RICHARD We’ve got another four sessions next week, so we thought it would a good idea to run through with the development group what we’ve done so far and then maybe you can give us a steer on what we’re getting right or wrong and to add some input as well. The first question: how do we prevent incorrect design selection and installation of fire safety products? The overall considerations are competence, online register and the role of the insurers. These are the highpoint notes which have been attached to each section, we’ve highlighted any kind of answer. We didn’t get hows to everything, but to some. If we have a national occupational standard for a particular trade then ultimately that could be the accepted recognition that you’ve got these standards.

Chris Hall was saying that basically the training and setting up the standards and qualifications for this is all under one through the ASFP, they’ve been working with the IFS and have created a Fire Sector Safety Group. And then looking to publish standards on competency and then working on designer basically he’s saying that it’s in process and it’s going to be another year. Assessing everyone’s individual and organisational capacity to act as a designer and specifically looking at fire safety as a bespoke element of design work. So that’s something they’re actually doing themselves, Sarah Stevenson’s company. Chris Hall reiterating, we’re working on design competency as we speak.

The latest thinking that we’re doing is linking task-based activities to continuous updates of competency built upon those frameworks and qualifications. Maintaining an online register recording responsible competent individuals and their decisions will be part of the how to fulfil that first section of the question. Again, Chris Hall, the ASFP scheme will include a registration as well. George spoke on behalf of Alistair Brockett who said it would be a good idea to encourage the use of the LPC (Loss Prevention Council). Has anybody got any comments on that? That’s all around the competency side of this issue. Basically Chris Hall is saying that it’s in hand and Sarah Stevenson is saying this is what we’re doing already, while it’s in hand. They’ve gone quite a way along the path for validating competency.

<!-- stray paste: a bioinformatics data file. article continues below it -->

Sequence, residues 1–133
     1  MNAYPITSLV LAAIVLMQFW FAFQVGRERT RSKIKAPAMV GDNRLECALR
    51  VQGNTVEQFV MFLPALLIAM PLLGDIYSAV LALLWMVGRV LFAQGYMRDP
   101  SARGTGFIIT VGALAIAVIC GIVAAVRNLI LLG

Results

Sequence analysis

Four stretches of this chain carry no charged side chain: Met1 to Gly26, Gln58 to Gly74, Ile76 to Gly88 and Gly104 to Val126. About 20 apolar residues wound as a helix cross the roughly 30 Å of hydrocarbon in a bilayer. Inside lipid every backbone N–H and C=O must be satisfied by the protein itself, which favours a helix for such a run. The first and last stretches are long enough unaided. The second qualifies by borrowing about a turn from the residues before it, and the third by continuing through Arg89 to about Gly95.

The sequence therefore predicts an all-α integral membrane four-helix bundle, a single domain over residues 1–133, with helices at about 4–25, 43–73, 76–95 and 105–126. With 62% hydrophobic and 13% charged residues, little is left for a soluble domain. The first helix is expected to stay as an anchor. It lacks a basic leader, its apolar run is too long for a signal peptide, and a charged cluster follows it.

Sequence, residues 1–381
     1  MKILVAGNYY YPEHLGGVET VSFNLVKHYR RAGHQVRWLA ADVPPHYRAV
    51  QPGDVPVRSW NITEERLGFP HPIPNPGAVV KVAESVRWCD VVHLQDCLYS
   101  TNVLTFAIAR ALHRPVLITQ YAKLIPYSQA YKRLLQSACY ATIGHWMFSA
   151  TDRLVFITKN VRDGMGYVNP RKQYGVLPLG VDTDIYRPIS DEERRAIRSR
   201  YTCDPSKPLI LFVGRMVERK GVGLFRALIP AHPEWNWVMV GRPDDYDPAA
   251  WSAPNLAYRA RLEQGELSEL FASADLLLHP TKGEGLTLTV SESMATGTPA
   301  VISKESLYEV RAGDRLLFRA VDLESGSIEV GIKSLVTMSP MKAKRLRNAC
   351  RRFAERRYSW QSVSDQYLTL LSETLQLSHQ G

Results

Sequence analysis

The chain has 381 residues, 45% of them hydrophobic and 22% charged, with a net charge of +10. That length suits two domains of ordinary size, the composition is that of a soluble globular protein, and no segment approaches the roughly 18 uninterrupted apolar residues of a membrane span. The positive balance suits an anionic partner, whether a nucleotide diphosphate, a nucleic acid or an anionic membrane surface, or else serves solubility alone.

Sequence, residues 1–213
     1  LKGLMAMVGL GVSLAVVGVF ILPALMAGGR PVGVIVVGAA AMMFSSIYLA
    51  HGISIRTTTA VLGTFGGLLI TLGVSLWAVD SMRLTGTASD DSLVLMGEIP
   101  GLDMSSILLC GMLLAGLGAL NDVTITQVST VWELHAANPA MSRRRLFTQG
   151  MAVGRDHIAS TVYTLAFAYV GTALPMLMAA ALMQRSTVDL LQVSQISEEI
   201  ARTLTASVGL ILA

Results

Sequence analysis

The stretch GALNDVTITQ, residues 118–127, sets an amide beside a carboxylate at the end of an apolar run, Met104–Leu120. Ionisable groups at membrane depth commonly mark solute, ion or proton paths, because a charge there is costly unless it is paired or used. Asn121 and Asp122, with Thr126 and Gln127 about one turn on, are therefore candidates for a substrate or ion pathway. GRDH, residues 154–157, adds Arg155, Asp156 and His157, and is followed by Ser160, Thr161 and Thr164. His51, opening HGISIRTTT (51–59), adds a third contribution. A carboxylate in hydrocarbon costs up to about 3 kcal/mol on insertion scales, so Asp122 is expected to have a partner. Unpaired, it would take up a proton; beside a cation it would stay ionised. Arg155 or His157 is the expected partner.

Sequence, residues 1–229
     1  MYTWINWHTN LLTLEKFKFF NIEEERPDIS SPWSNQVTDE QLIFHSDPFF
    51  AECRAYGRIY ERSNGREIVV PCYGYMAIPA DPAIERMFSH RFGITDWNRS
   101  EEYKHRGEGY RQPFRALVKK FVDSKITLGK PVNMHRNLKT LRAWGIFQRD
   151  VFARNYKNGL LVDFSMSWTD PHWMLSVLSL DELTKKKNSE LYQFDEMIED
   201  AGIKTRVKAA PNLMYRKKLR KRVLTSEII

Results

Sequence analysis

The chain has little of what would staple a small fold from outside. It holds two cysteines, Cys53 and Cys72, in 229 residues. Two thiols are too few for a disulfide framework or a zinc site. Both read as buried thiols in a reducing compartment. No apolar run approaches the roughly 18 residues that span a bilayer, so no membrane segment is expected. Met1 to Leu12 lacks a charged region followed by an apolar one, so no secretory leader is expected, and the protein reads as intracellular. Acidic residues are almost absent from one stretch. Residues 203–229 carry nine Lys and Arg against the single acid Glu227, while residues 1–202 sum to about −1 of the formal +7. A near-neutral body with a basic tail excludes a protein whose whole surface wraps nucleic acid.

The last part of that was around utilising insurance companies. How do we do that? We talk to them. George, you’re already doing that.

GEORGE Yes, we’re speaking with specialist brokers. We’re trying to work with them to see what information is likely to be accepted by the actuaries. So we’ve got three specialist insurance brokers involved in that. Any suggestions on that would be welcome.

RICHARD We’ll move on to the second thing which was considerations at planning stage. This is around contractual agreements and planning and design. Will Cousins talking in terms of design & build, what he did recently was a two-stage tender with a PCSA, so it’s going to be design and then build. If I remember correctly the meeting was pretty unanimous in saying that that’s the way that it’s going to be and it’s going to have to go in that direction. Will Cousins again, in terms of the contract, we basically don’t get in to a contract until you get you gateway 2 submission, so we’ve got a year tender process. Is that longer than it would normally be? Or is that a reasonable amount of time?